Although there has been a recent plateau, ridership has been building through the summer and photos of crowded buses now appear commonly on social media. This co-incides with a second wave of infections and a selective move back to “stage 2” protocols. Just when concerns about personal safety are rising, the TTC gives the impression of shrugging its shoulders. This is not a recipe for confidence in rebuilding transit ridership.
That said, I must confess that I fall midway between camps that cry out for vast increases in transit (possibly with lower fares) and those who wring their hands wondering how we will even pay for what operates today. Trying to take the middle road is not easy.
Here I will attempt to put various issues and options on the table. Whether those responsible for the TTC act on them is out of my hands.
How Full is Full?
During the early days of the Covid recovery period (remember only a few months ago when we thought this was all going away soon?), the TTC produced charts showing demand levels and crowding configurations for its vehicles.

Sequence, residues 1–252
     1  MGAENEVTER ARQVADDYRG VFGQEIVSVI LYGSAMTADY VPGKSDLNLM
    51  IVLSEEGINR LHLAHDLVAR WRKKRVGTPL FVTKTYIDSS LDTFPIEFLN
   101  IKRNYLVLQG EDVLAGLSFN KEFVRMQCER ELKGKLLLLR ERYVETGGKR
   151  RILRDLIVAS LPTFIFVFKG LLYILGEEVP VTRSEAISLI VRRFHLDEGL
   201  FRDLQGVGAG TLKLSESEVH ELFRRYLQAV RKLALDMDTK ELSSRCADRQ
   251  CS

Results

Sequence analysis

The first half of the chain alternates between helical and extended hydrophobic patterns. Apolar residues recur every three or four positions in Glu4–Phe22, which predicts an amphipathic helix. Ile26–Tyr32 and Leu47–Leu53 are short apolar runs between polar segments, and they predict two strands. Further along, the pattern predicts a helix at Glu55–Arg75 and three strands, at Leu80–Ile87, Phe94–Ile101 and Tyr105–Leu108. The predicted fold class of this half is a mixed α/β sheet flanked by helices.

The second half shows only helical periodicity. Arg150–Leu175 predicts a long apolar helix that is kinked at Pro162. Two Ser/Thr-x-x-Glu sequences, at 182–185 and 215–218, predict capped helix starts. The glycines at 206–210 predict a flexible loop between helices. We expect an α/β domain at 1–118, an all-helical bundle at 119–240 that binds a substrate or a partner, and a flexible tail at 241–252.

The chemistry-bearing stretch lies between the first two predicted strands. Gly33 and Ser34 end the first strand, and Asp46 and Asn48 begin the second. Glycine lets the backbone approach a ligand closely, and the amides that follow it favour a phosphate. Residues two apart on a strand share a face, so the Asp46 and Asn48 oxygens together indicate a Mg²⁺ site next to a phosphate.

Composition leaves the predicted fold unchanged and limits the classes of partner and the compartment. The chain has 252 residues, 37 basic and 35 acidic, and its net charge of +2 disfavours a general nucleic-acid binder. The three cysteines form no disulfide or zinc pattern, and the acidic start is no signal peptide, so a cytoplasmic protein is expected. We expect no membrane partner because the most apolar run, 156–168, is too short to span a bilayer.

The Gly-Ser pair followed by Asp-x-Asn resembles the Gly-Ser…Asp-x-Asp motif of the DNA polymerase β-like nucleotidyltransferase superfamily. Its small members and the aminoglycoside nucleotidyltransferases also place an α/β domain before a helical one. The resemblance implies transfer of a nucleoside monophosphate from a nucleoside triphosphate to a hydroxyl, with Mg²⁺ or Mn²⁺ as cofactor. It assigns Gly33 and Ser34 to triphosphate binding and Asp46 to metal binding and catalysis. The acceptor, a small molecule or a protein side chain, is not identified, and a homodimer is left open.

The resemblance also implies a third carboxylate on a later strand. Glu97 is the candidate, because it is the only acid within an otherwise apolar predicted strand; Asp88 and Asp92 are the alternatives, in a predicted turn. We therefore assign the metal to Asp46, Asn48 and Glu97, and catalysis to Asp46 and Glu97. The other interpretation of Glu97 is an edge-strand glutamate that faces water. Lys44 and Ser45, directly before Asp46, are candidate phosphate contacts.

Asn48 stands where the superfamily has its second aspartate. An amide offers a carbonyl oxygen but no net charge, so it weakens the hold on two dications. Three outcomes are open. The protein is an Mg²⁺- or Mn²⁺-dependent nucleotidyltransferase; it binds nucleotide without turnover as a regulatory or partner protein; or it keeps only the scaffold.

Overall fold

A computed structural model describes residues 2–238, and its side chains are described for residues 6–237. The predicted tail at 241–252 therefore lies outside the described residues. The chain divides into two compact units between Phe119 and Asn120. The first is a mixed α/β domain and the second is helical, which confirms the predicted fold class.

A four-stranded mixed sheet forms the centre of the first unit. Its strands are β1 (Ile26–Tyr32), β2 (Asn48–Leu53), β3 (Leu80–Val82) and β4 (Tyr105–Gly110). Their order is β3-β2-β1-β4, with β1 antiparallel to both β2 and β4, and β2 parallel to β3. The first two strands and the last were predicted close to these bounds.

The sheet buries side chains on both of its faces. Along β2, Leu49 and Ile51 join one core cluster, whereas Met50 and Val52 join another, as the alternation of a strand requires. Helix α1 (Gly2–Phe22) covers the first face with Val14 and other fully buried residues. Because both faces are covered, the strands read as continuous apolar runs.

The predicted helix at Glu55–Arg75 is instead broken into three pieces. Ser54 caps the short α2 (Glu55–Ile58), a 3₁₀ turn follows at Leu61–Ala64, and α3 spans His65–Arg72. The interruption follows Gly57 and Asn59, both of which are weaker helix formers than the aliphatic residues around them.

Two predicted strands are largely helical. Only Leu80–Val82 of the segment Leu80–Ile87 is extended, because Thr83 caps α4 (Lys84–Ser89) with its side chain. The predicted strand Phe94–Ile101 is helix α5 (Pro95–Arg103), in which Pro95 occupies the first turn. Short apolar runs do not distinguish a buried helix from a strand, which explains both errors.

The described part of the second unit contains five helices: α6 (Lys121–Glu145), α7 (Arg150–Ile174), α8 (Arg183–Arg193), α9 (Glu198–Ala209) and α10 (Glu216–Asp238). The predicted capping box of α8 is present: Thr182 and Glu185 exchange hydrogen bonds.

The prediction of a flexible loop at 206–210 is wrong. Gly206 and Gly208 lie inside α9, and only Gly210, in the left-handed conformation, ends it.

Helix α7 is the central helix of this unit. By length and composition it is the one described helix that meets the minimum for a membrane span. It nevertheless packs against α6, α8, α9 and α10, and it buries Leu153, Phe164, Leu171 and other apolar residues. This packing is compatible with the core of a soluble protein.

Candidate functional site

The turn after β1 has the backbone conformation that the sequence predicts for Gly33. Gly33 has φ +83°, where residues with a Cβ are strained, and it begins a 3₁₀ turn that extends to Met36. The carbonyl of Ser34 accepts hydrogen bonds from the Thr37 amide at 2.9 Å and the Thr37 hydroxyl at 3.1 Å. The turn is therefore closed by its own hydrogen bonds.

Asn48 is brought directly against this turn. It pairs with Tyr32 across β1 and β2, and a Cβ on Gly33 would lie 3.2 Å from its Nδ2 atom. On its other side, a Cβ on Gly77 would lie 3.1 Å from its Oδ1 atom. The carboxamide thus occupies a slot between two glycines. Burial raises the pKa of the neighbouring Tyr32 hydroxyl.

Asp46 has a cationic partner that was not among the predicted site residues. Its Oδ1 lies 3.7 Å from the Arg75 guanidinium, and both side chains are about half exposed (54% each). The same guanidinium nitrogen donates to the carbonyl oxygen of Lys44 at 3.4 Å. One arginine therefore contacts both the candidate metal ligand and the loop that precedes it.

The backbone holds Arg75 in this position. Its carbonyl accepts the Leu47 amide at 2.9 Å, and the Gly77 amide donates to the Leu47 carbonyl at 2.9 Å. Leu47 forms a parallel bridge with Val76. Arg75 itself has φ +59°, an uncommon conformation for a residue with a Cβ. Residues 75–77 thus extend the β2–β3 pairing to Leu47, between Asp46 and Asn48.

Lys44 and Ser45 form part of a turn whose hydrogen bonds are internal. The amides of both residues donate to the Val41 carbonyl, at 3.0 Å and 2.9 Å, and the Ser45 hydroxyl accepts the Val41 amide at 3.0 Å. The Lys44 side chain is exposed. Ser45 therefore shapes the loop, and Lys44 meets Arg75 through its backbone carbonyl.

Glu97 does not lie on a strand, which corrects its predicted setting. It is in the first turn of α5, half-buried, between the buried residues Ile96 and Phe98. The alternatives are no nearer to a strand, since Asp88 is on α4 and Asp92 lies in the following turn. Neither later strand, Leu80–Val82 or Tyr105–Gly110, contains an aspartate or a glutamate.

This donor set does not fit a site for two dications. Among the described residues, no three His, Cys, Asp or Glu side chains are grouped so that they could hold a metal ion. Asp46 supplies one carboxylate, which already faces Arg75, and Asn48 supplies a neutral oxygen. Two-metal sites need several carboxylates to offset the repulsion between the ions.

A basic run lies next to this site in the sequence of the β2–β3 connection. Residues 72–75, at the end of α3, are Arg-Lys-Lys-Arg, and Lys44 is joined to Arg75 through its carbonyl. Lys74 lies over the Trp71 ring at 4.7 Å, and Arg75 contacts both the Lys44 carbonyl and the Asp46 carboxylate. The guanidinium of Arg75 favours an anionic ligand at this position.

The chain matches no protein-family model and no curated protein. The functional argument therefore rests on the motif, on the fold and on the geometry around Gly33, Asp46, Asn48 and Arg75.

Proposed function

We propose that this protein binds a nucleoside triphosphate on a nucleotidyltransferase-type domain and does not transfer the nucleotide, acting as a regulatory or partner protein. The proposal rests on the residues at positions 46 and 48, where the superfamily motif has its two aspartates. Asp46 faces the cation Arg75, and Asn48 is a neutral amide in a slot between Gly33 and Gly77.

The degree to which they might achieve these levels depended on the overall level of ridership. This chart shows what happens if the TTC attempted to provide distanced service even though demand was low. At a 30% level, the service would have to match pre-pandemic levels to leave enough room for passengers to spread out.
This is not feasible from either a budgetary or operational point of view. The cost is very high, and there is no headroom for growth beyond that 30 per cent line.